US Grand Strategy Options

In the Context of Debates Over US Decline and Rising Powers, Critically Compare and Contrast US Grand Strategy Options. Which One Would You Follow and Why?

America’s unipolar moment is arguably at an end. The logic of the statement can be drawn from its rising economic competitor China and its military imperial overstretch in the Afghanistan and Iraq wars. However, under American preponderance, Wilsonian notions of liberal order building have boomed and a pax-Americana established. As John Ikenberry (2011) notes, American preponderance has allowed the United States to create a liberal order based upon its own identity and interests:

[The United States] had the power not just to pursue its own interests but to shape its global environment. It made strategic choices, deployed power, built institutions, forged partnerships, and produced a sprawling order. It was an order with many parts, features, and layers–global, regional, economic, political, military, social, and ideological.[1]

The piece first argues that the open door policy and public goods provided by this liberal order ensures that the United States remains uniquely strong and is ranked first amongst its equals, despite declinist arguments.

Given American power and the apparent demise of the liberal hegemonic order, what grand strategy should the United States pursue? An American grand strategy is a set of coordinated and sustained policies designed to address the long-term threats and opportunities that lie beyond its shores.[2] There are three grand strategies the United States may pursue: primacy, offshore balancing and liberal internationalism. Each will be explored and their strengths and weaknesses highlighted.  Finally, the piece will advocate that the best course for the United States to take would be to fuse both offshore balancing and liberal internationalism grand strategies. The logic of grand strategy fusion is that liberal internationalism locks rivals into an open and rules based system, whilst offshore balancing allows the United States to maintain an over-the-horizon military posture and use it should the former fail.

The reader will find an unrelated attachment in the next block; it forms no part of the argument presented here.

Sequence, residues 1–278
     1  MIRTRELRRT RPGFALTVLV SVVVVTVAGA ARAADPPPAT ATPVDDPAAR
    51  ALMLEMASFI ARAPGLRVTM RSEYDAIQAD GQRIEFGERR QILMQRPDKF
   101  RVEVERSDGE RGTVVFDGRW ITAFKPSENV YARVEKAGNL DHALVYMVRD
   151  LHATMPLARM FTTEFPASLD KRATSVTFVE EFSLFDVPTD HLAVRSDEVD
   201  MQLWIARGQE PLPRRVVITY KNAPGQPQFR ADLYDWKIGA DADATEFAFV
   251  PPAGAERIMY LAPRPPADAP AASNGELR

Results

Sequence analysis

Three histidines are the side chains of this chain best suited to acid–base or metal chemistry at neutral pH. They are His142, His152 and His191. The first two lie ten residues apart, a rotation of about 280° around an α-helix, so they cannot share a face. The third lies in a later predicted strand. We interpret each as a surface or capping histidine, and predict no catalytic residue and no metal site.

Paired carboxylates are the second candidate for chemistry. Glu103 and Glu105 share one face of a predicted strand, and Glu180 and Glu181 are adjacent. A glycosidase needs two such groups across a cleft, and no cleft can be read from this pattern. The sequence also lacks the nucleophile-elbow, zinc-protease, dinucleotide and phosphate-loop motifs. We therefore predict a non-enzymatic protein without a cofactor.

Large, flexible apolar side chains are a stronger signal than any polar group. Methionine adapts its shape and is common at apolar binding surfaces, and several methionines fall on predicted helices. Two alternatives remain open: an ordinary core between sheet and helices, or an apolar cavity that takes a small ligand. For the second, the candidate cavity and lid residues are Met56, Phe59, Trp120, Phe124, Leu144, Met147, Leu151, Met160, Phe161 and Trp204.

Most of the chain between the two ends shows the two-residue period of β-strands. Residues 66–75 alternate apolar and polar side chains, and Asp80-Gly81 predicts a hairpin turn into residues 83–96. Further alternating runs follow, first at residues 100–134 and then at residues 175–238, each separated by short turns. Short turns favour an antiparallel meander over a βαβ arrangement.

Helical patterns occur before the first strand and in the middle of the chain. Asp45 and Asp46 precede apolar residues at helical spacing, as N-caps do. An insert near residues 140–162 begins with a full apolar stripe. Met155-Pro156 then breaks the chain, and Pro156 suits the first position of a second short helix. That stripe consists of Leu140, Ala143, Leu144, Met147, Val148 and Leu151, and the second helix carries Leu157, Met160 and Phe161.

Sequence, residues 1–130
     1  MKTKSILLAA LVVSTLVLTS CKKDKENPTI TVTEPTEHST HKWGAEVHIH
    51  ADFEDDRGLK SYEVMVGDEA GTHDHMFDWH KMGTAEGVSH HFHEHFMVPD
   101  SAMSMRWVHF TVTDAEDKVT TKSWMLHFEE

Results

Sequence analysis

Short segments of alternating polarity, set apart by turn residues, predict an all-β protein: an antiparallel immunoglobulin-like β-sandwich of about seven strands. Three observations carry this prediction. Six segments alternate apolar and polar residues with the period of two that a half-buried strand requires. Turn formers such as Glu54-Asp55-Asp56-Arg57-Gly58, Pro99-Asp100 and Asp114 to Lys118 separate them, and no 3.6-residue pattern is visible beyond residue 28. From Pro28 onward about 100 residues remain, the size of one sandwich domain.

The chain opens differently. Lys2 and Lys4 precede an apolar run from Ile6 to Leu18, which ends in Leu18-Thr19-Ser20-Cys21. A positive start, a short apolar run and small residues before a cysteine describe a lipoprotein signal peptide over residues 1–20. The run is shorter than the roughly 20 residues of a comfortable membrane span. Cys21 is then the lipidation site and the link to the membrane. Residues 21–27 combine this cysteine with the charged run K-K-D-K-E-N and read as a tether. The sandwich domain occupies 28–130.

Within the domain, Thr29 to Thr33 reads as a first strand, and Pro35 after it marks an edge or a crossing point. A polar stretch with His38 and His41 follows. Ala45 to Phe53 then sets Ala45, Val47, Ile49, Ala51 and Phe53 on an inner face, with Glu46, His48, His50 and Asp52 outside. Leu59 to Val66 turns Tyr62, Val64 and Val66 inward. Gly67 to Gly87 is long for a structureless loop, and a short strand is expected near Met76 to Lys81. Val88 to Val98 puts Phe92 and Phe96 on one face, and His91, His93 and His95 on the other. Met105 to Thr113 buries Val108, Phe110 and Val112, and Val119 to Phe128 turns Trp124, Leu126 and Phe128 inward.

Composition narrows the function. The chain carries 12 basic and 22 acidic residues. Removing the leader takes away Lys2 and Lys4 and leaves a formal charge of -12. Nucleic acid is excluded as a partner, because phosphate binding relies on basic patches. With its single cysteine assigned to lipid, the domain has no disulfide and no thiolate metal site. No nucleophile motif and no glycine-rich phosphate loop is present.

Proponents of American decline cite both its failure to win the wars in Afghanistan and Iraq due to imperial overstretch and the rapid economic growth of China relative to that of the United States as their evidence. Though this assessment may be true in part, a sharper analysis shows how the liberal order created by the United States keeps American power unchecked and China locked in. Indeed, the National Intelligence Council Global Trends 2030 report believes there will be a diffusion of power and that there will in fact be no hegemonic power in 2030; power will shift to create a multipolar world.[3] Nevertheless, the report also states strategy that:

The multifaceted nature of US power suggests that even as its economic weight is overtaken by China – perhaps as early as the 2020’s based on some forecasts – the US most likely will remain ”first among equals” alongside the other great powers in 2030.[4]